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Verizon: Companies will sacrifice mobile security for profitability, convenience

1 month ago

Despite an increase in the number of companies hit by mobile attacks that led to compromises, four in 10 businesses sacrificed security to meet profit goals or avoid “cumbersome” security processes, according to Verizon’s third annual Mobile Security Index 2020.

It showed that 43% of organizations sacrificed security. More typical reasons for companies exposing themselves to risk, such as lack of budget and IT expertise, trailed “way behind” things such as expediency (62%), convenience (52%) and  profitability targets (46%). Lack of budget and IT expertise were only cited by 27% and 26% of respondents, respectively.

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Lucas Mearian

Memory-Lane Monday: The cruelest password

1 month ago

After a network manager unexpectedly tightens up the rules for passwords and forces the expiration of all user passwords on the main application system, calls flood into the help desk, reports a pilot fish on the scene. They’re having trouble because of the new complexity rules.

One of the calls:

User: I can’t seem to change my password.

Help desk tech: Your new password needs to contain letters, numbers and punctuation. Do not use any words such as you’d find in a dictionary.

User: OK. (Pause.) No, it still won’t let me change it.

Tech: What is the password you are trying to use?

User: April.

Tech: “April” is a word.

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Sharky

How and why you need HomeKit-secured smart homes

1 month ago

Once upon a time, the Internet was amazing, enabling niche interests and connecting people. Apple’s iMac was the epitome of the era, while the iPhone became the prophet of change.

Now, the home is the next connected frontier, and one that should be as secure – as much as possible – as the office. That's especially true given recent trends toward more remote work from home, where corporate data can be endangered by weak security.

What is HomeKit-secured and why should you use it?

These days hackers break into home networks using our routers and smart home devices, which is why everyone must learn how to use HomeKit-secured routers to keep their connected homes safe.

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Jonny Evans

Firefox starts switching on DNS-over-HTTPS to encrypt lookups, stymie tracking

1 month ago

Mozilla has started to turn on DNS-over-HTTPS, or DoH, as part of its overall strategy of stressing user privacy.

"We know that unencrypted DNS is not only vulnerable to spying but is being exploited," wrote Selena Deckelmann, Mozilla's new vice president of desktop Firefox, in a Feb. 25 post to a company blog. "We are helping...to make the shift to more secure alternatives [and] do this by performing DNS lookups in an encrypted HTTPS connection. This helps hide your browsing history from attackers on the network, helps prevent data collection by third parties on the network that ties your computer to websites you visit."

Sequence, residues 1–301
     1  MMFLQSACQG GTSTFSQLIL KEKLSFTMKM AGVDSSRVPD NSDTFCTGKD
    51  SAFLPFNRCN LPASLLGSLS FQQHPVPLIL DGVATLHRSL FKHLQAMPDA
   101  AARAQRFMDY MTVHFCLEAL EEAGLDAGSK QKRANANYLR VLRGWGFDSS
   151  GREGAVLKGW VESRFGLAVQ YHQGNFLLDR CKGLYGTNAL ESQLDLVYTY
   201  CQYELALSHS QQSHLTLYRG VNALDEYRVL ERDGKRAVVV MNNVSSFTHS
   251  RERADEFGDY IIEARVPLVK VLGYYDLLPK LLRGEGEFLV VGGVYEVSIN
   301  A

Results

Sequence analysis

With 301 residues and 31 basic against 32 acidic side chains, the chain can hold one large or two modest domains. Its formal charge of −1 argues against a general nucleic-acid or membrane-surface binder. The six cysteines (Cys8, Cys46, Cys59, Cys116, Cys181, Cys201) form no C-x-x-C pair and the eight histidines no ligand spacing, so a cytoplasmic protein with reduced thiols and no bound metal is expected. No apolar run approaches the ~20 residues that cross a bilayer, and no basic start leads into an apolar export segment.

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Gregg Keizer

Microsoft Patch Alert: February 2020 patches bring fire and ice but seem to have settled – finally.

1 month ago

The real stinker this month, KB 4524244, rolled out the automatic update chute for four full days until Microsoft yanked it – leaving a trail of wounded PCs, primarily HP machines, in its wake. The other big-time bug in this month’s patches, a race condition in the KB 4532693 Win10 version 1903 and 1909 cumulative update installer, hasn’t been officially acknowledged by Microsoft outside of a blog post. But at least it’s well known and understood.

Folks running SQL Server and Exchange Server networks need to get patched right away.

Win10 UEFI update KB 4524244 blockages

Patch Tuesday brought KB 4524244 for Windows 10 owners, a bizarre single-purpose patch apparently directed at one specific UEFI bootloader. I talked about it last week.

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Woody Leonhard

10 steps to smarter Google account security

1 month ago

There are important accounts to secure, and then there are important accounts to secure. Your Google account falls into that second category, maybe even with a couple of asterisks and some neon orange highlighting added in for good measure.

I mean, really: When you stop and think about how much stuff is associated with that single sign-in — your email, your documents, your photos, your files, your search history, maybe even your contacts, text messages, and location history, if you use Android — saying it's a "sensitive account" seems like an understatement. Whether you're using Google for business, personal purposes, or some combination of the two, you want to do everything you possibly can to keep all of that information locked down and completely under your control.

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JR Raphael

Top secret

1 month 1 week ago

It’s back when 5-inch floppy disks roamed the Earth, and a customer service tech sends a software update to a customer known to be a bit more than a little computer-challenged, says a pilot fish in the know. This involves physically mailing a stack of disks to the customer, along with a note saying to call the tech when she’s ready to install the update.

When the call comes, the tech is prepared to walk her through the installation step by step. After getting the computer booted up and verifying that the user has located disk No. 1, the tech says, “Insert the floppy disk into the disk drive, with the label facing up.”

Customer: “Done.”

Tech: “Type ‘A,’ and press the Enter key.”

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Sharky

Why every user needs a smart speaker security policy

1 month 1 week ago

Does your voice assistant wake up randomly when you are engaged in normal conversation, listening to radio, or watching TV? You’re not alone, and this could have serious implications in enterprise security policy.

All things being equal (they’re not)

“Anyone who has used voice assistants knows that they accidentally wake up and record when the 'wake word' isn't spoken - for example, 'seriously' sounds like the wake word 'Siri' and often causes Apple's Siri-enabled devices to start listening," the Smart Speakers research study says.

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Jonny Evans

Apple joins industry effort to eliminate passwords

1 month 1 week ago

In a somewhat unusual move for Apple, the company has joined the Fast IDentity Online (FIDO) Alliance, an authentication standards group dedicated to replacing passwords with another, faster and more secure method for logging into online services and apps.